Learn about research
Start by developing your understanding about what health and social care research is about and hearing from others who've taken part and what it meant for them.
Participating in research is a positive experience - but don't just take our word for it.
The NIHR asks thousands of research volunteers to feedback on their experience of taking part in research every year. Read the highlights from the latest Patient Research Experience Survey which is used to help identify ways to improve the experience.
Improving Healthcare Through Clinical Research is an online course delivered over 4 weeks and is free of charge. It runs regularly and is an excellent introduction to the world of research and why it's so important for our healthcare today, and in the future. Anyone can take part and the course is available and delivered online so you can complete it at your own pace. You will learn the basics of how research is developed, who carries it out and why it's so important.
What is health research? Have you ever wondered how doctors and nurses know what treatment or care to give? It’s only through health research that healthcare professionals find new and better ways of preventing, diagnosing and treating disease. Today’s research is tomorrow’s treatment. On this course, you will learn how health research happens, why it matters and what to expect if you take part. You will also hear stories from people who have taken part in research; why they volunteered and the difference it made.
Volunteer to improve research
If you have a more time, feel confident enough to get more involved or have already taken part in a research study you might be interested in a more formal volunteer role:
Individuals who've taken part in research often feel very passionate about getting more involved. If this is you and you'd like to actively promote health research you could become a Research Champion. It's open to anyone, whether you're a member of the public, patient, carer - as long as you are enthusiastic about health research and are comfortable talking to people about it. If you're interested, find out more about becoming a Research Champion.
If you have direct personal experience of a research topic, whether as a carer, patient or someone who’s used healthcare services, this role could be for you. If the study relates to your paid employment, then this role is probably not for you.
To begin with, you’ll have an informal telephone call with a member of the Public Reviewer team to make sure they have a good understanding of your areas of experience and knowledge. You can sign up anytime by emailing email@example.com or by telephone 023 8059 9302.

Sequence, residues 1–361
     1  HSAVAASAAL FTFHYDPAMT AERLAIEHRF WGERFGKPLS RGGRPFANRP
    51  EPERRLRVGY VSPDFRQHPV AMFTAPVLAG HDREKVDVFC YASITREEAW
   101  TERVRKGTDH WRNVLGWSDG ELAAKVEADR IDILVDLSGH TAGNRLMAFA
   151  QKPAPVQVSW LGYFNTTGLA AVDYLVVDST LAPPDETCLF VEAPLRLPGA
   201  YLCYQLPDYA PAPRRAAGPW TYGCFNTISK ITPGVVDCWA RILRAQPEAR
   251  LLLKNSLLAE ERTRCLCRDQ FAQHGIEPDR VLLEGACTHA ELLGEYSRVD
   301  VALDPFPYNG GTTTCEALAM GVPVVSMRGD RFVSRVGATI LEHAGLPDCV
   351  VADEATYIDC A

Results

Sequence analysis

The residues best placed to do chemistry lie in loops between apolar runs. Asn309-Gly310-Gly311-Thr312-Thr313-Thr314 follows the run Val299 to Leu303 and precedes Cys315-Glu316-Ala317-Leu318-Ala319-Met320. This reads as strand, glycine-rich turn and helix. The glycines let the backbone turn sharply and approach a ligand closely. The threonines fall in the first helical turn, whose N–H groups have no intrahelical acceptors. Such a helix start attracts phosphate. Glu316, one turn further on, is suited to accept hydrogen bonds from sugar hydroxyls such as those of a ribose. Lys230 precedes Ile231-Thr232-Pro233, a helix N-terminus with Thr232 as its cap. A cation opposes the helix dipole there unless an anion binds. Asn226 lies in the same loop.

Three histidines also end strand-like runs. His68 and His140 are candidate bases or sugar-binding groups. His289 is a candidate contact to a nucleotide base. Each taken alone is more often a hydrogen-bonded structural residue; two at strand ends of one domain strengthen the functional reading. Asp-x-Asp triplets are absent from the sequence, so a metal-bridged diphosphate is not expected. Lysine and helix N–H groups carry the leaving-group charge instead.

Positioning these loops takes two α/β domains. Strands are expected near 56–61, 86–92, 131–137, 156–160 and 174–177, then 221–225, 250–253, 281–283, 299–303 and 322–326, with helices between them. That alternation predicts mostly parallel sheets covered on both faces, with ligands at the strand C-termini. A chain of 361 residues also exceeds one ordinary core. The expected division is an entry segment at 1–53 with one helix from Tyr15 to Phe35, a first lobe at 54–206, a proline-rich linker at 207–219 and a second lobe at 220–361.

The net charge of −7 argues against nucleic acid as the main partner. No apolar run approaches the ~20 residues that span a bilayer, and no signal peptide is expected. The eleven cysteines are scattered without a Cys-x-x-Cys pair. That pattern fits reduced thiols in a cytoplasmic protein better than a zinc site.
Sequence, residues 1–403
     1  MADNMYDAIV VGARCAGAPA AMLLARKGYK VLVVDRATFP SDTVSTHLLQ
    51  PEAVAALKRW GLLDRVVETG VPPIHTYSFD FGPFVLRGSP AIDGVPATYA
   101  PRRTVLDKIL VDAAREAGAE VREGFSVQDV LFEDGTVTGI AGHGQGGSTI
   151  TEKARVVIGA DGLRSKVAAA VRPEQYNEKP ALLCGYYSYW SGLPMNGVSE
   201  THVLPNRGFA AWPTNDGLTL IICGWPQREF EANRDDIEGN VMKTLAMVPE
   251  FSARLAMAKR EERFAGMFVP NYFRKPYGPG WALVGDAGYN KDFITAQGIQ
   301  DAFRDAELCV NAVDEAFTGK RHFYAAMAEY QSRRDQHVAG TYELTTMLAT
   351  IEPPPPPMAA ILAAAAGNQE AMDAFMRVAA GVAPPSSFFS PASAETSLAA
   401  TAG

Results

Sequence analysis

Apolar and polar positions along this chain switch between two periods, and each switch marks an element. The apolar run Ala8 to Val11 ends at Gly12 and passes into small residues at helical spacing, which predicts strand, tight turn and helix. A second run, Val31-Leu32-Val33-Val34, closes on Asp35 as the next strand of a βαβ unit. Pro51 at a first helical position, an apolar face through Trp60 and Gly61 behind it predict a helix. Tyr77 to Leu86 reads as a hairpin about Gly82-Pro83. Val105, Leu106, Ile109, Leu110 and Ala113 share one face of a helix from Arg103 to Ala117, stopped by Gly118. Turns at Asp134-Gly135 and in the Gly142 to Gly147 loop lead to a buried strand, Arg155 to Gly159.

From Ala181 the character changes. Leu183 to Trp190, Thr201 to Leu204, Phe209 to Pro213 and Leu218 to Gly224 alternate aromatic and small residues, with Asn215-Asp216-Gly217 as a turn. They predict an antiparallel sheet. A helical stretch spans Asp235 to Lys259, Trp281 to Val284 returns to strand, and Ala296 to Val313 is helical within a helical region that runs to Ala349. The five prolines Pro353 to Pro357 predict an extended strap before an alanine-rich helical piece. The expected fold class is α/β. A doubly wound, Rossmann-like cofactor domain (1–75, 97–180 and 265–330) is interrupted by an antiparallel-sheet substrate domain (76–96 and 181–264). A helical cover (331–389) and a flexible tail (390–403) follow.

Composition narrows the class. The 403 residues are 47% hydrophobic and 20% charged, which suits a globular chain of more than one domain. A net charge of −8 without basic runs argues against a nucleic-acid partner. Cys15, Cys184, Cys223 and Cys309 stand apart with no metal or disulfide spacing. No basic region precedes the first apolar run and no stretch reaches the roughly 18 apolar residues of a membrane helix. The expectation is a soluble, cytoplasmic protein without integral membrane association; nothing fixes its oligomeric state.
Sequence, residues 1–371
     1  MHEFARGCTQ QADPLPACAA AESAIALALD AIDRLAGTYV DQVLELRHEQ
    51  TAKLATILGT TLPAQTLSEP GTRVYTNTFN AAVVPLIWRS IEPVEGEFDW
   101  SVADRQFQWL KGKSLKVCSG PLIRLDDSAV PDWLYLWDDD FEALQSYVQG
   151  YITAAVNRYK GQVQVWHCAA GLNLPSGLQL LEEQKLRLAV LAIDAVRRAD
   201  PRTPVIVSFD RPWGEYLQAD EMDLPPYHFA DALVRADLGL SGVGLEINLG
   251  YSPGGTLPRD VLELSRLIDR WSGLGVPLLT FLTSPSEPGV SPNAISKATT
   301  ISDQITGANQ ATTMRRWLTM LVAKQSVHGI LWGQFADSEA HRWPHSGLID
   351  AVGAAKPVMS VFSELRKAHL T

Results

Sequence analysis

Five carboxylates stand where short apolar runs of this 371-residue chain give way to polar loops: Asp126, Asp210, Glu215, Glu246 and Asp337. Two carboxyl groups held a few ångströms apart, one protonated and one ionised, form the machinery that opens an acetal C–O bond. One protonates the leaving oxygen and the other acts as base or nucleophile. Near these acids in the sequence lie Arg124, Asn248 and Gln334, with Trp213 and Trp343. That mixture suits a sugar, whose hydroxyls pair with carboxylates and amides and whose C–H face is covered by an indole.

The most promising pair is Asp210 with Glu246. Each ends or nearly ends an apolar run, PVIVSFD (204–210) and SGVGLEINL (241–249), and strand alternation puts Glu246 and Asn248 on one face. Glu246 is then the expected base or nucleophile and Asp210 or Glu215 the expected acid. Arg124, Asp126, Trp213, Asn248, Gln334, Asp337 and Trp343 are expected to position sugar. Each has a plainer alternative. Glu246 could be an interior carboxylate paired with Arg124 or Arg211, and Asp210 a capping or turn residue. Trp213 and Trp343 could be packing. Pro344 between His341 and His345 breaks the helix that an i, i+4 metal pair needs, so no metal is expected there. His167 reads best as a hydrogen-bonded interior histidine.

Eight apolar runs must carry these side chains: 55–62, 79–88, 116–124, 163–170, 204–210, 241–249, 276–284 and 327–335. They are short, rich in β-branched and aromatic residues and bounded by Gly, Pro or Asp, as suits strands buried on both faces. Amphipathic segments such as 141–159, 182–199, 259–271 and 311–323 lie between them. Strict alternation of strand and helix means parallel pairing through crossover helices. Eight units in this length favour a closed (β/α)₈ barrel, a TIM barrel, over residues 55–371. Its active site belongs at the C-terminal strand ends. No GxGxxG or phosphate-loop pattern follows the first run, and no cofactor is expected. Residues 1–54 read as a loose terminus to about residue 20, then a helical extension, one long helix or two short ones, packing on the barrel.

People in Research is an online list of the opportunities available to you. Researchers use it to find members of the public who want to get involved in their research. You can also sign up to receive an e-mail alert whenever a new opportunity is added that matches your interests.
Be part of more research
If you’re looking for something more specialist or something specific to your location, here are other research registries you might wish to contact:
Joining a register means you could increase your chances of taking part in a study. The researchers will contact you when something suitable comes along. Visit our other UK Research Registries webpage to see specific registers.
20 million people in the UK live with chronic diseases which can have a major impact on their quality of life and family. Joining the bank means you are helping the future development of healthcare provision and the long-term prevention and treatment of disease.
If you decide to join the bank you will donate a blood or saliva sample, from which your DNA can be extracted. You'll be asked to complete a healthcare questionnaire and consent form. This is so you can be matched to a specific research study. You will also need to grant access to your medical and healthcare records.
Your sample is turned into a unique ID so the research team will not know who you are. If you match their criteria you will then be invited to take part in the study. You decide whether to participate and will only be invited to a maximum of four studies a year. Visit the NIHR BioResource centre website to find out more.
Our knowledge of dementia currently lags behind that of other major conditions, such as cancer or heart disease. This is why the National Institute for Health Research (NIHR) in partnership with Alzheimer Scotland, Alzheimer's Research UK and Alzheimer's Society has developed Join Dementia Research. It's a service that allows people to register their interest in participating in dementia research and be matched to suitable studies.
Everybody now has that chance to see what dementia research is taking place, both in their local area and across the nation. The service connects researchers with people who want to participate in studies.
Health and Care Research Wales is an organisation funded and overseen by the Welsh Government’s Research and Development Division.
It helps support and increase capacity in research and development (R&D) and manages funding for research.
Members of the public play an essential role in making research happen across Wales. Visit their website to ind out how to make a difference.